Investments in infrastructure – such as roads – typically aim to reduce transport costs, stimulate trade and make new production activities viable. Across sub-Saharan Africa, the need for such investments is widely acknowledged. Researchers typically focus on so-called “exogenous shocks”, where neither the location nor timing of changes to infrastructure can be explained by existing economic factors. In Mozambique, one such positive shock occurred in 2009 with the completion of a major bridge over the Zambezi River, financed primarily by external development partners. The Armando Emilio Guebuza Bridge was important for two reasons. First, before it was constructed, the river formed a natural barrier to direct north–south trade along the main highway. Historically, there was a ferry service. But it was extremely inefficient. The journey lasted less than 30 minutes, yet the ferry only ran from 7 am to 5 pm, was notorious for breaking down, and was frequently suspended during the rainy season. As found at many other border posts and river crossings in the region, lengthy queues of vehicles lasting several hours and even days were common. Also, alternative options were limited, necessitating extremely lengthy detours.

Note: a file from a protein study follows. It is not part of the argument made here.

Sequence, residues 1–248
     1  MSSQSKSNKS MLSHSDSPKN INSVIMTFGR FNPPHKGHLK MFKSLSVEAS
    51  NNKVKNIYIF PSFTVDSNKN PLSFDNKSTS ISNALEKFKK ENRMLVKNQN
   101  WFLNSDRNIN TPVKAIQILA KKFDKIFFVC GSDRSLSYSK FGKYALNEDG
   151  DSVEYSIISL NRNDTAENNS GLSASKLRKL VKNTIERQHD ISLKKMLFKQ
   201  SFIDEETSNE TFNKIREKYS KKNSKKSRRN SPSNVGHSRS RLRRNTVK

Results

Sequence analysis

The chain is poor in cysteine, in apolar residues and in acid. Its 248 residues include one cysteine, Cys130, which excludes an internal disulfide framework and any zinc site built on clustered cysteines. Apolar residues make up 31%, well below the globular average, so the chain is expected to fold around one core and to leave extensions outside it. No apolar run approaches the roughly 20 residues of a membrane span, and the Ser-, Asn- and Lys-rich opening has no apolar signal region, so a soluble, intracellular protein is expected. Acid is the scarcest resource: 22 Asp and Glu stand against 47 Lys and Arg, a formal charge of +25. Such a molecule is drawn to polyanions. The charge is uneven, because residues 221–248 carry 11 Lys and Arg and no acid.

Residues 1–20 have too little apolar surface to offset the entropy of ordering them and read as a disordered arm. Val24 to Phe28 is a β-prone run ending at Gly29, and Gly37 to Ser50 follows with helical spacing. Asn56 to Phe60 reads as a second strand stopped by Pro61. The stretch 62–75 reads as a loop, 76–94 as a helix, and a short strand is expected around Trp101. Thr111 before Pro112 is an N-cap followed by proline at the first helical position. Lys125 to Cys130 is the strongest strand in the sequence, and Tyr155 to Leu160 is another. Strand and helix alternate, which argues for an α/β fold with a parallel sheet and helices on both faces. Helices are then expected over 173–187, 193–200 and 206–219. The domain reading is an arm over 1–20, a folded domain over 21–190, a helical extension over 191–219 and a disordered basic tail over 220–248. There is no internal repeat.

SOURCE: THE CONVERSATION